Revelers from various neighborhoods of Istanbul converged at the iconic July 15 Martyrs' Bridge in what has been labeled by the government of President Recep Tayyip Erdogan as the "national unity march."
The location, called Bosporus Bridge before the coup attempt, was where Turks heeded a call by Erdogan to stop 136 soldiers on three tanks who sought to overthrow the government. At least 30 people were killed in the clashes on the bridge on the night of the coup on July 15, 2016. Some 220 others died at the end of that night which saw soldiers surrender.
Erdogan, who has supervised a large-scale crackdown since the coup, flew to Istanbul earlier in the day to join the rally and unveil a Martyrs' Memorial in honor of those killed by putschists.
The Turkish president has repeatedly hailed those opposing the coup as real patriots, saying they helped Turkey emerge from its dark days. Prime Minister Binali Yildirim repeated the same statements at a parliamentary session in Ankara earlier on Saturday.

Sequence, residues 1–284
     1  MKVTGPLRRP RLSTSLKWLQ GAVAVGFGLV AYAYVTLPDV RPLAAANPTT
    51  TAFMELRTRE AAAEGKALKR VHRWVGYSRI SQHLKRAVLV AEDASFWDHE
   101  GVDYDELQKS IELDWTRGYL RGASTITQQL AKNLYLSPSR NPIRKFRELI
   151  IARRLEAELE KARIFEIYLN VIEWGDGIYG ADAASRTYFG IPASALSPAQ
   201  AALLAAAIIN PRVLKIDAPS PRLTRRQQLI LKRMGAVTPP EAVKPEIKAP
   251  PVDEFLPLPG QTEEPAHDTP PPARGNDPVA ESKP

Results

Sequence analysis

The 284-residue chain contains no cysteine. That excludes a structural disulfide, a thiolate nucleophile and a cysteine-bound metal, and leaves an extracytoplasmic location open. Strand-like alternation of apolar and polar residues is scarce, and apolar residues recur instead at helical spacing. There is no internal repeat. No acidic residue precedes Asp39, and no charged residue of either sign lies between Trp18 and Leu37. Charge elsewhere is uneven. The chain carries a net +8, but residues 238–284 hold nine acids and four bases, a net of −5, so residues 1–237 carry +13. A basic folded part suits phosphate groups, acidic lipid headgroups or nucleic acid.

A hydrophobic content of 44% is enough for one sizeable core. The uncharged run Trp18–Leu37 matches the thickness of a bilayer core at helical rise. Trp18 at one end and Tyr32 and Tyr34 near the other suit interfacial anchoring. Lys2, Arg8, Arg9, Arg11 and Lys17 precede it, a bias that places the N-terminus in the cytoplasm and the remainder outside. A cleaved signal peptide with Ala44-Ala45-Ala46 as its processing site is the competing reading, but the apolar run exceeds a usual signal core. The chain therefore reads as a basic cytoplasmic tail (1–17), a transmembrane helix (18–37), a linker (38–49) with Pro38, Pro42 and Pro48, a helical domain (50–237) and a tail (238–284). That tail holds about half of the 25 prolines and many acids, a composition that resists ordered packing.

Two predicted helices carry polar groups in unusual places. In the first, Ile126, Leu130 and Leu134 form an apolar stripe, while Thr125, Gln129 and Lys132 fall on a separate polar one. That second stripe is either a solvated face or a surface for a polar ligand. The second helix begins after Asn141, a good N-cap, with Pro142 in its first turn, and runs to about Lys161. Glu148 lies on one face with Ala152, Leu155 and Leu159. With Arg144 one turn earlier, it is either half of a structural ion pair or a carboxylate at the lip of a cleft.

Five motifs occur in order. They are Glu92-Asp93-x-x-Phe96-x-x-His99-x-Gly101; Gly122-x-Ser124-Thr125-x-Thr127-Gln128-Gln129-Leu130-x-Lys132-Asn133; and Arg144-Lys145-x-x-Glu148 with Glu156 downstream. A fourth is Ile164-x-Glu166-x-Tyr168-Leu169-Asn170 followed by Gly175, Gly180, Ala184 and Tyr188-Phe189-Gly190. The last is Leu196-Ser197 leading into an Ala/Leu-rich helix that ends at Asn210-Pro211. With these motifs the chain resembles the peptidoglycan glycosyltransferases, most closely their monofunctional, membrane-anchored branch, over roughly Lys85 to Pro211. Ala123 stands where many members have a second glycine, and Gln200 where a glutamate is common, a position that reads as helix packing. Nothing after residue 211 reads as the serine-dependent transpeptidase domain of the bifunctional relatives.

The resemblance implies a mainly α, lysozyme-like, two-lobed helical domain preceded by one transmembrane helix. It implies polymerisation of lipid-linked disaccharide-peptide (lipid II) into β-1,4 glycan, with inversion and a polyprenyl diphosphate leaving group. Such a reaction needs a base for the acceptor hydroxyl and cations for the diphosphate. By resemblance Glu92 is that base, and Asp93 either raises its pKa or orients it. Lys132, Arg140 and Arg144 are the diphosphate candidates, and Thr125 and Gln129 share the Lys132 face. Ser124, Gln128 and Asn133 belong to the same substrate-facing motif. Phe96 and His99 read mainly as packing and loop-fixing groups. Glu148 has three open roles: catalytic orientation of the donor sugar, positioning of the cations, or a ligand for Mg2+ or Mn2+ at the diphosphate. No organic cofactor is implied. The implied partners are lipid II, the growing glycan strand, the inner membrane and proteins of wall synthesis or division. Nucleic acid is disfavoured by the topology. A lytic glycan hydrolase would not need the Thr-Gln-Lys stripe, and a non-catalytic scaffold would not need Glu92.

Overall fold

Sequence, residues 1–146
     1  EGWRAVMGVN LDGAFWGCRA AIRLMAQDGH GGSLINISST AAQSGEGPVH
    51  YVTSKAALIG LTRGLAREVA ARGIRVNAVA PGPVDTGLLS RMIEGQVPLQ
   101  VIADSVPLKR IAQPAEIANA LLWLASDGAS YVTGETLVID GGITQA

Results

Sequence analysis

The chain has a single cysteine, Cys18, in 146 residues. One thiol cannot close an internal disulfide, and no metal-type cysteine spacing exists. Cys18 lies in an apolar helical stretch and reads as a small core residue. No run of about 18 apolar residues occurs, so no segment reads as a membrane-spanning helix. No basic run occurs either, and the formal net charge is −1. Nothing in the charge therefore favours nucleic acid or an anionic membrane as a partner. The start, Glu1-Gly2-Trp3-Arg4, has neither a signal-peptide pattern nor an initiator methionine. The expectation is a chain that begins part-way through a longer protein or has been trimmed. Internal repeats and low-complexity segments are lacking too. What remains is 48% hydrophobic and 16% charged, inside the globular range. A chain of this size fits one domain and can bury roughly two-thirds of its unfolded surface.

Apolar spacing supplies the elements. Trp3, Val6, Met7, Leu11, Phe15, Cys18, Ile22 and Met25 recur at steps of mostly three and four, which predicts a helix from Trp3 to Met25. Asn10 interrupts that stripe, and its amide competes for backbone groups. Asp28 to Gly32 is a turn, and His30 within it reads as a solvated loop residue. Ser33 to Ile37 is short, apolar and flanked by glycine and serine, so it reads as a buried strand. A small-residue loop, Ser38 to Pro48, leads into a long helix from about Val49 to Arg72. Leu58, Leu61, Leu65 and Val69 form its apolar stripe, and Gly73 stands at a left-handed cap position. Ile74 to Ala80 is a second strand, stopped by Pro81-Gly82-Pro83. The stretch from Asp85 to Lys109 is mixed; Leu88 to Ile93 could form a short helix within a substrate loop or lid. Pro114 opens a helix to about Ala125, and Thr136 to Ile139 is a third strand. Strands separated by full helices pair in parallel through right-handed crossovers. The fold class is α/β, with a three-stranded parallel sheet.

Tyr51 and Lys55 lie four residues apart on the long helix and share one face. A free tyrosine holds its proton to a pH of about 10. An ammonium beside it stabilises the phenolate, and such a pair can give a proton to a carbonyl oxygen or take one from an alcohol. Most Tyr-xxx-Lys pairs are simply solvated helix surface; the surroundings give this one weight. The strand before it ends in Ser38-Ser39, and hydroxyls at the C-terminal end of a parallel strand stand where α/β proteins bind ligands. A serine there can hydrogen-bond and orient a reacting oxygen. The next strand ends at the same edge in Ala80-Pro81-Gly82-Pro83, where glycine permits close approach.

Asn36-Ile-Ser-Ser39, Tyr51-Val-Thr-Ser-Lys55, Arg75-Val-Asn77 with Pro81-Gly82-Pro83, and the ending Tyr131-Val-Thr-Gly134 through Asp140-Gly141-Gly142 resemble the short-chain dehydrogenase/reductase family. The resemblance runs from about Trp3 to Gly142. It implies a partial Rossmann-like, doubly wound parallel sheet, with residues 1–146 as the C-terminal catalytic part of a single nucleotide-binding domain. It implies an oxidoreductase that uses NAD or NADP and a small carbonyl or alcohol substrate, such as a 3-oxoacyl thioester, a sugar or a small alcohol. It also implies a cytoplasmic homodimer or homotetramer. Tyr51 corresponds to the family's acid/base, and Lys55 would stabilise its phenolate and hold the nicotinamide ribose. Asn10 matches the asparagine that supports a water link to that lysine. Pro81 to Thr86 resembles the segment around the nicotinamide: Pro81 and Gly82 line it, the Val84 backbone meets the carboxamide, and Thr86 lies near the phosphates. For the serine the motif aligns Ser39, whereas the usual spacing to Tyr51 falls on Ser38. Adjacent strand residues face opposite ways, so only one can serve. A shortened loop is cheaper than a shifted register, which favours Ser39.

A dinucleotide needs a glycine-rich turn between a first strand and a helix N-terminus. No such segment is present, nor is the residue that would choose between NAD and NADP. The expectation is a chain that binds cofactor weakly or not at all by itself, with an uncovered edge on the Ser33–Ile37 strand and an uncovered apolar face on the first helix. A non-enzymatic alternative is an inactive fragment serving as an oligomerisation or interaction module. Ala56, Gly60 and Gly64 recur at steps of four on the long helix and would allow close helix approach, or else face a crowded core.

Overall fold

"It has been exactly one year since Turkey's darkest and longest night was transformed into a bright day, since an enemy occupation turned into the people's legend,” said Yildirim during the session, which was also attended by Erdogan.
“We are able to come together again here today because of our 250 heroic martyrs, 2,193 heroic veterans and the great Turkish people. Your country is grateful to you,” added the prime minister, also elaborating on the number of people injured in the coup action.
The popular resistance against coup plotters in Istanbul came hours after renegade soldiers declared their seizure of power through the state broadcaster. That came after army jets bombed the parliament and other key locations. They had also raided a resort where Erdogan was vacationing although he had already left.
Reports said similar rallies were held on Saturday in other Turkish cities, including in the capital Ankara.
Erdogan says Fethullah Gulen, a former ally who currently resides in the United States, orchestrated the coup. More than 50,000 people have been arrested on suspicion of having links to Gulen and his network. Over 110,000 people have also been relieved of their duties at work on similar suspicions. Gulen has denied any involvement in the coup.
Human rights campaigners have criticized the Turkish government for the widening crackdown, saying it has also targeted dissidents and activists.